How to avoid a cold-induced asthma attack

As summer turns into fall, temperatures drop, which often excites people who enjoy watching the seasons change. For those living with asthma, changing seasons create new triggers that can provoke asthma attacks. Asthma is a chronic lung disease that affects about one in 12 people in the U.S., according to the Centers for Disease Control and Prevention (CDC). Asthma’s most common symptoms are difficulty breathing, a tight feeling in your chest, and coughing.

Triggers, such as pollen, dust mites, and cold weather, are conditions that cause asthma symptoms to worsen or flare up. Allergy-induced asthma is triggered by airborne substances, such as pollen, mold spores, or particles of skin and dried saliva shed by pets (pet dander).

If you or someone you know has asthma, it is important to be aware of these causes so you can limit your exposure to them as much as possible. As winter approaches and temperatures begin to fall, the dry, cold air can trigger an asthma attack.

So, what are the causes of cold-induced asthma attacks, and how can you avoid them? Here are three reasons the winter months affect asthma attacks and how you can prepare for them this year:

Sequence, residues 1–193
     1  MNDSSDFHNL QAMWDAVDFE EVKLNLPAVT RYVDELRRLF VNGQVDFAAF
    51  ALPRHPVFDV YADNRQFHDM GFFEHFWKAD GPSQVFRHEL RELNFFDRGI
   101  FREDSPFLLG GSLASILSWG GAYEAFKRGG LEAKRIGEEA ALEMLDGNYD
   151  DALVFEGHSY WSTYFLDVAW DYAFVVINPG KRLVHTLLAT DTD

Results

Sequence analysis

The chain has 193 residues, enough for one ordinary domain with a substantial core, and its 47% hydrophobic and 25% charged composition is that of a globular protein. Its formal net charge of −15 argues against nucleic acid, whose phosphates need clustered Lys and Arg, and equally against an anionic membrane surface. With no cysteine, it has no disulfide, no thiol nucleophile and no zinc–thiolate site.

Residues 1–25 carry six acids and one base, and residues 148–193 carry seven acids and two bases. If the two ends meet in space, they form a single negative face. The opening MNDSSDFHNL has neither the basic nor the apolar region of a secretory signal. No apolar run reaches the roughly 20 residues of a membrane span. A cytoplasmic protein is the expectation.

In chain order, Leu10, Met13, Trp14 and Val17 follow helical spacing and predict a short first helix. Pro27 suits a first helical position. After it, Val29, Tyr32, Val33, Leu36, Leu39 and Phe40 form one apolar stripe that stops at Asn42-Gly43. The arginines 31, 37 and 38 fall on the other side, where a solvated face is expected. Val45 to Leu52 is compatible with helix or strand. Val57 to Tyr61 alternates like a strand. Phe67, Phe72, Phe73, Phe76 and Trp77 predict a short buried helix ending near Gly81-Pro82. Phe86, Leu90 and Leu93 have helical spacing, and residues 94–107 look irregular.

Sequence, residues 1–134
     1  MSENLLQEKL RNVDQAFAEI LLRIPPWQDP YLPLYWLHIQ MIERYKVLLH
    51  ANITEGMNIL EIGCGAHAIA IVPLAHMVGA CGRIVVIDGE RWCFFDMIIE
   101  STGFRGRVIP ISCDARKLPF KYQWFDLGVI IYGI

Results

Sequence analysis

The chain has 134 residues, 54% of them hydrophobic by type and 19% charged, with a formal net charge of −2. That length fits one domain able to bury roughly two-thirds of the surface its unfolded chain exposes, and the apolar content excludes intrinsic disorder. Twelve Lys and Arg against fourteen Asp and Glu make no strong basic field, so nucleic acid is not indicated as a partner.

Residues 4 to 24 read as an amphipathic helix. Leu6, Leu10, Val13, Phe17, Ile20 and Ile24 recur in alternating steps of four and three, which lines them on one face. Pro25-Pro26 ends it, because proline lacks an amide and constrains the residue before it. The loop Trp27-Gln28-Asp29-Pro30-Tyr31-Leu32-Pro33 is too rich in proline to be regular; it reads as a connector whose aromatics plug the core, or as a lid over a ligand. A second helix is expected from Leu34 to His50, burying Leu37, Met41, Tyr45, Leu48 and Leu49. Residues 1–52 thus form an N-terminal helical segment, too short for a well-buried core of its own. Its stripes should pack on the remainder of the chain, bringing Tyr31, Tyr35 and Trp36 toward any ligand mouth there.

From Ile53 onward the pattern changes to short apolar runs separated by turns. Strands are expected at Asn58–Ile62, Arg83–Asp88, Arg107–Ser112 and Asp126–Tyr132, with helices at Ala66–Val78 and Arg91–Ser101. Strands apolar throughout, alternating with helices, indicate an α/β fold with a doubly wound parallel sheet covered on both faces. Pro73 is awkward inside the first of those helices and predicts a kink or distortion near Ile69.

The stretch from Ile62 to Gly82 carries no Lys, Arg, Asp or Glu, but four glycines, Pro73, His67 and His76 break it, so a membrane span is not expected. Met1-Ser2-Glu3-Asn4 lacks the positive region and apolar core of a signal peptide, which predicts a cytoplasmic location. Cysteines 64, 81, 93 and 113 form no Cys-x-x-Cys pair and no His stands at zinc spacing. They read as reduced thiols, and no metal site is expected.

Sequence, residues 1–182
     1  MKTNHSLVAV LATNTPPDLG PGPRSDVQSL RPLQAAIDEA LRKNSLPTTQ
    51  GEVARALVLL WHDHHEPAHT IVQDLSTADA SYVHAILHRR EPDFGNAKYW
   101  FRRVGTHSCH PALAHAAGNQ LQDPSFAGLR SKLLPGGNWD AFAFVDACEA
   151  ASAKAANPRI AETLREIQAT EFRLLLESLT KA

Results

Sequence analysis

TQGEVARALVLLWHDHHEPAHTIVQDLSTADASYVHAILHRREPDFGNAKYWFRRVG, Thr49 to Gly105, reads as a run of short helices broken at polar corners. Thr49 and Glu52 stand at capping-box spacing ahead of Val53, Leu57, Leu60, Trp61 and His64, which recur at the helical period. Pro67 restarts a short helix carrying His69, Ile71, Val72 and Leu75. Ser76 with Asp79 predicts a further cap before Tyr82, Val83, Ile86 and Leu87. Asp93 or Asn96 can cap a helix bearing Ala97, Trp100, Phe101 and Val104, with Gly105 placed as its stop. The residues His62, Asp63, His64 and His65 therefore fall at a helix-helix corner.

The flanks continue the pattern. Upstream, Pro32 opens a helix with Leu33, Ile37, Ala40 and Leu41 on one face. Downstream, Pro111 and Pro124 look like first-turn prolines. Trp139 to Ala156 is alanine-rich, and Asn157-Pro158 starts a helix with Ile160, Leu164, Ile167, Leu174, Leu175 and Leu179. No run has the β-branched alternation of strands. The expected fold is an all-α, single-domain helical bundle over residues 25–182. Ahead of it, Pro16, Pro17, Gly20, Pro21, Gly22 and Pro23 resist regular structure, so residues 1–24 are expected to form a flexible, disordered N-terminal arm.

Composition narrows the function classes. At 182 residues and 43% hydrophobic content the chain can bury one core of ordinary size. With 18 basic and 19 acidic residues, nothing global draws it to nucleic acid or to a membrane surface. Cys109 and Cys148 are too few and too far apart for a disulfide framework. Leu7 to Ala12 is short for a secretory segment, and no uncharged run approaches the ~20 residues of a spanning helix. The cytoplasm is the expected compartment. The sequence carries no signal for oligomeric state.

Colder air

Cold and/or dry air can narrow your airway, which is referred to as bronchoconstriction, or the constriction of the airways in the lungs. This results in coughing, wheezing, and shortness of breath.

Excess mucus

Your airway is lined with a layer of protective mucus to remove unhealthy particles. In cold temperatures, your body produces more mucus. The mucus in colder weather is thicker and stickier than normal. Allergic reactions can increase mucus production, which can make you susceptible to respiratory infections and increases your risk for catching a cold.

Exposure to germs

When it gets colder, more people tend to stay indoors, which causes colds and the flu to begin circulating during the winter months. These infections can also trigger asthma attacks. And, when you are indoors, you are in the same setting that dust, mold, pet dander, and other allergens reside.

How to prepare for this year

The increased triggers can really put a damper on the winter months, but they don’t have to! If you are looking for some ways to avoid weather-related asthma attacks, follow these tips by Elana Pearl Ben-Joseph, MD:

  • Watch the forecast for pollen, mold counts, and other conditions (extreme cold or heat) that might affect your asthma.
  • Wear a scarf over your mouth and nose when outside in cold weather.
  • Carry quick-relief medicine (also called rescue or fast-acting medicine) on hand—always.

Winter does not have to get the best of you. If you are prepared and know what triggers your asthma, you can prevent having an attack despite the cold. Before the winter months hit, see your doctor and make sure your asthma is under control.